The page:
Wednesday, March 13 07:49:49
Ireland is to issue its first new benchmark 10-year bond since its EU/IMF bailout in the "near future", its debt agency said on Tuesday, a landmark on its route to becoming the first bailed-out euro zone country return to full market funding.
The National Treasury Management Agency (NTMA), which began borrowing again from capital markets last year, had earmarked a new benchmark issue as its most significant step towards a full market return ahead of regular bond auctions later this year.
One industry source said the books were expected to open on Wednesday. The NTMA made a similar pre-announcement in January before it opened its five-year syndicated deal the next day.
The new bond, to mature in March 2023, will be Ireland's first benchmark bond since soaring yields forced it to take refuge in a 85-billion euro ($110 billion) bailout in 2010.
The notes will be issued through a syndicated transaction subject to market conditions, with details to be announced in "due course", the NTMA said in a statement.
One industry source said the debt agency was expected to issue a minimum of 2.5 billion euros. A second industry source said it would likely be between 2 and 3 billion euros.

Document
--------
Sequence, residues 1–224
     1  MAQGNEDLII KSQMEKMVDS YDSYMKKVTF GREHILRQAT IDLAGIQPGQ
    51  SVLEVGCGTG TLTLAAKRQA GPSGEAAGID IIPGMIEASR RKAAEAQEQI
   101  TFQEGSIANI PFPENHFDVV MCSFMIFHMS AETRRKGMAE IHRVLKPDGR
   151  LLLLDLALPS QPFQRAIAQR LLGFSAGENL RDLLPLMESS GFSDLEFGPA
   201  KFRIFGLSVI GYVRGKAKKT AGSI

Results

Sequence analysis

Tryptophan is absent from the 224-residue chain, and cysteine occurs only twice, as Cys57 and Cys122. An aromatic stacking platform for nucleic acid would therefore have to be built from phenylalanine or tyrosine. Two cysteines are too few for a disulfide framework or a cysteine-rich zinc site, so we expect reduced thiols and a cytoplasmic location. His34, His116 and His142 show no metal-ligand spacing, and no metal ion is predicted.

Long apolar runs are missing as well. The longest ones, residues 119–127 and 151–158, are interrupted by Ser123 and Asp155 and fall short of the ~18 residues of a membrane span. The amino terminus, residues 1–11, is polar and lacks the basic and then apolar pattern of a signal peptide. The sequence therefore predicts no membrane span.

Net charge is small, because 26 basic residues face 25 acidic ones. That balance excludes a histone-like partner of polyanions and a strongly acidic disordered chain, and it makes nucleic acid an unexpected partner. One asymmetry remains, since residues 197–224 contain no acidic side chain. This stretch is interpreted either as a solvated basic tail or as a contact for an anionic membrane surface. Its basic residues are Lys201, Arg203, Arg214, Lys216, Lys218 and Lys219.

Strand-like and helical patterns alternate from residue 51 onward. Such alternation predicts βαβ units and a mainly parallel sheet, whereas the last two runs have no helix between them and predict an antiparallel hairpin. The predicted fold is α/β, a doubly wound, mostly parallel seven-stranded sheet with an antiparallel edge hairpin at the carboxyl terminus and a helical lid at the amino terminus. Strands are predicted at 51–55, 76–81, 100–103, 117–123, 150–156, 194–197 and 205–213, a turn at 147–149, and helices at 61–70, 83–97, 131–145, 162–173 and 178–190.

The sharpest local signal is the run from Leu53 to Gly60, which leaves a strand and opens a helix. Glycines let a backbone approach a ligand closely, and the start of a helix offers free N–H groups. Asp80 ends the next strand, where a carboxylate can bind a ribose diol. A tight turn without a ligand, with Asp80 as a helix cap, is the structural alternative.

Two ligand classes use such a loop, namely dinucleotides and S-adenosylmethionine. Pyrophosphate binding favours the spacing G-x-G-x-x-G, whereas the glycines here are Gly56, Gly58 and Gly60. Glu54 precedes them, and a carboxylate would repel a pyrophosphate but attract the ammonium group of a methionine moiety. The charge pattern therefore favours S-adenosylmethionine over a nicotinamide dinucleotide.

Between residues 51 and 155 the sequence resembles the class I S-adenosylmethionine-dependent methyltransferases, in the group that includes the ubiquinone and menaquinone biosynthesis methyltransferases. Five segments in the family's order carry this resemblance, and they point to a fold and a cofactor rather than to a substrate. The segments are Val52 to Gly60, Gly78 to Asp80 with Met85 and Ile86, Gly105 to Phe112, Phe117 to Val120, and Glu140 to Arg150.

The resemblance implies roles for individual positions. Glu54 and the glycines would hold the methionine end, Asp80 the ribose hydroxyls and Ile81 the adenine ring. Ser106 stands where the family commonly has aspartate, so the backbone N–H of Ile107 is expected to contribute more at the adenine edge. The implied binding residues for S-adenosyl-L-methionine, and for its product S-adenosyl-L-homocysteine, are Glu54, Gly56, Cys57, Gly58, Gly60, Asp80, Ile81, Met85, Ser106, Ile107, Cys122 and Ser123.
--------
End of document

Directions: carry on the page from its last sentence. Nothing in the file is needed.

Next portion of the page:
"It will be significantly well oversubscribed. There is a lot of demand that had been waiting for the bond issuance for the last number of weeks," said Ryan McGrath, a bond dealer at Dolmen Securities, who said he expected to see yields somewhere between 4.25 percent and 4.40 percent.
The head of the NTMA said regular auctions would probably be enough to see it qualify for the ECB's Outright Monetary Transactions (OMT), a scheme the government has said it would like to apply for in due course.
Dublin wants to have backstops like potentially unlimited ECB bond purchases and the availability of a conditional line of credit from official lenders in place as it exits its bailout to make investors more comfortable to lend it money. ( C ) Reuters